The venture has been a great success and he said campers love the views of the South Downs from the top of the field.

Edward goes around selling wood to all the campers and enjoys the smell of all the barbecues and campfires.

Beyond the camping field and caravans, the rest of the farm is down to permanent pasture on which the cows graze during the summer.

The farm has two boars and 12 Saddleback sows which are used for breeding in their farrowing house, before the pigs are weened into a fattening shed. The family processes two pigs a week for the farm shop. There are about 60 pigs on the farm at any one point.

Filming location and front page news

Edward loves the variety of farming and is open to all sorts of things. Last year an episode of the ITV series Grace was filmed on the farm over two days. There were more than 50 vehicles and a crew of 60 people on the farm.

The film crew required a pig sty for the story of a farm worker finding a human bone in the pigs. It was a fun but hectic two days on the farm, with both Edward and his budding actress daughter Alice having walk on-parts in the episode.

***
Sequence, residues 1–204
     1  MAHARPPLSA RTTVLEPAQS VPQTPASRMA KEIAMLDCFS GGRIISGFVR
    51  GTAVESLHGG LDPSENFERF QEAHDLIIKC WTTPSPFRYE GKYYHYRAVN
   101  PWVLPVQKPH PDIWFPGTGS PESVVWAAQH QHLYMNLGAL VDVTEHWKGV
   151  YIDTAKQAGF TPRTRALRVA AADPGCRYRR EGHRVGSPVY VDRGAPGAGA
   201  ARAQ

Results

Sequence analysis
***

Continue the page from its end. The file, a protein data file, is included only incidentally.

Edward said his biggest worry was bird flu, which was rife at the time. Edward went around spraying every vehicle as it entered the farm, and luckily they didn’t experience any issues.

The following week, Edward also made the front page of the Daily Express when he agreed to be interviewed by a local journalist. They got talking about food prices going up and the next thing he knew he was front page news, with a double page spread on page three and four. He had expected a small article on page 30.

Work life balance and the future

I asked if he missed London life. “London is great. I loved living there in my twenties and thirties and Dad didn’t need me here and it all worked well.”

He said the biggest problem is children and family time, as they don’t have the weekends anymore. 

“It’s a way of life but then I can finish at 4pm and take my son to football, so it’s swings and roundabouts,” he commented.

I ask him what he think about the Government’s farming and food policy. He replied that he didn’t know enough about it.

On direct government support he said his BPS is nothing compared to the big guys, but admitted he was probably missing out on some grant funding, preferring to prioritise family time in the evenings over filling in long-winded application forms.

His main concern is the lack of local slaughterhouses, with only one remaining in Sussex – an issue he highlighted to his local MP Maria Caulfield when she officially opened the children’s farm.

To improve the farm business Edward tries to use some of his skills from his old corporate life.